[2] As I’m increasingly seeing time-based closed rates used, something to my surprise.  I’d really created the technique for short- to mid-term gap analysis.  I generally make an marketing budget purely off an inverted funnel model.  But that said, using time-based closed rates by pipeline source would be more accurate.

[3] If for no other reason to avoid the common fallacious complacency of “well, with a nine-month sales cycle, if we’re short of pipeline now there’s nothing we can do, so let’s just accept that we’re going to hit the iceberg.

[3a] While I make light of it in the post, it’s actually both an amazing and touching story.  “Sometime around 2:10 a.m. as the Titanic began settling more quickly into the icy North Altantic, the sounds of ragtime, familiar dance tunes and popular waltzes that had floated reassuringly across her decks suddenly stopped as Bandmaster Wallace Hartley tapped his bow against his violin. Hartley and his musicians, all wearing their lifebelts now, were standing back at the base of the second funnel, on the roof of the First Class Lounge, where they had been playing for the better part of an hour. There were a few moments of silence, then the solemn strains of the hymn “Nearer My God to Thee” began drifting across the water. It was with a perhaps unintended irony that Hartley chose a hymn that pleaded for the mercy of the Almighty, as the ultimate material conceit of the Edwardian Age, the ship that “God Himself couldn’t sink,” foundered beneath his feet.”  Hartley concluded in saying, “Gentlemen, it has been a privilege playing with you tonight.”

[4] Most compensation plans allow midstream territory changes and while moving oppties from bad reps to good reps cuts against the grain for most sales managers, well, we are in an emergency, andd we all know that the odds of an oppty closing are highly related to who’s working on it.  Perhaps soften the sting by uplifting and then splitting the quota.  Or just fire the bad rep.  But win the deal.

[5] Introduce a 90- or 120-day acceptance clause.  This will likely have accounting and/or bookings policy ramifications, but we are in an emergency.  Better to hit your target with a few customers on acceptance (especially if you’re sure you can deliver against the criteria) than to miss.

[6] That is, the oppties that were marked by their owners as neither won nor lost, but no decision.  Sometimes also called derailed oppties.  If you have discipline about reason codes you can find the right ones even faster.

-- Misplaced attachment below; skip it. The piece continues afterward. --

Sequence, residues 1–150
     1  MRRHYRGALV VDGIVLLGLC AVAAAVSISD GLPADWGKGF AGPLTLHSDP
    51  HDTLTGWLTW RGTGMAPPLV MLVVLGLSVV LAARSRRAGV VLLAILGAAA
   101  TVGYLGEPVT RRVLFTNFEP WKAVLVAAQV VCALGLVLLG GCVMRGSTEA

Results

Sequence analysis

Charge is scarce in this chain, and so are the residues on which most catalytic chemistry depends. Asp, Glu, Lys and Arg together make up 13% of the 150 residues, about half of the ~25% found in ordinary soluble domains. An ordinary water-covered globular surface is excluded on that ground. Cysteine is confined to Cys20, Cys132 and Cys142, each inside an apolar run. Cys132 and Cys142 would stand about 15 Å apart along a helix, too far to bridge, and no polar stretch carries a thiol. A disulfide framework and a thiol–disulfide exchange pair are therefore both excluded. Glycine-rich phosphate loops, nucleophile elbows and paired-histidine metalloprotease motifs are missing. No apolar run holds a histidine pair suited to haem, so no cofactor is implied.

[7] Perhaps using the freed-up time to prospect within the installed base, if your CSMs are not salesy.  Or doing longer-shot outbound into named accounts.

[8] I’m a little dusty legally, but the ultimate form of this was a clickwrap which, in a pinch, was sometimes used (with the consent of the customer) to work around the customer’s oft-bottlenecked legal department and get a baseline agreement in place that can later be revised or replaced.

The Holy Grail of Enterprise Sales: Proving a Repeatable Sales Process

(This is the second in a three-part restructuring and build-out of a previous post.  See note [1] for details.)

In the prior post we introduced repeatable sales process as the Holy Grail of enterprise software sales and, unlike some who toss the term around rather casually, we defined a repeatable sales process as meaning you have six things:

  1. Standard hiring profile
  2. Standard onboarding program
  3. Standard support ratios
  4. Standard patch
  5. Standard kit
  6. Standard sales methodology

The point of this, of course, is to demonstrate that given these six standard elements you can consistently deliver a desirable, standard result.

The surprisingly elusive question is then, how to measure that?

  • Making plan?  This should be a necessary but not sufficient condition for proving repeatability.  As we’ll see below, you can make plan in healthy as well as unhealthy ways (e.g., off a small number of reps, off disproportionate expansion and weak new logo sales).
  • Realizing some percentage of your sales capacity?  I love this — and it’s quite useful if you’ve just lost or cut a big chunk of your salesforce and are ergo in the midst of a ramp reset — but it doesn’t prove repeatability because you can achieve it in both good and bad ways [2].
  • Having 80% of your salesreps at 100%+ of quota?  While I think percent of reps hitting quota is the right way to look at things, I think 80% at 100% is the wrong bar.

Why is defaulting to 80% of reps at 100%+ of quota the wrong bar?

  • The attainment percentage should vary as function of business model: with a velocity model, monthly quotas, and a $25K ARR average sales price (ASP), it’s a lot more applicable than with an enterprise model, annual quotas, and a $300K ASP.
  • 80% at 100%+ means you beat plan even if no one overperforms [3] – and that hopefully rarely happens.
  • There is a difference between annual and quarterly performance, so while 80% at 100% might be reasonable in some cases on an annual basis, on a quarterly basis it might be more like 50% — see the spreadsheet below for an example.
  • The reality of enterprise software is that performance is way more volatile than you might like it to be when you’re sitting in the board room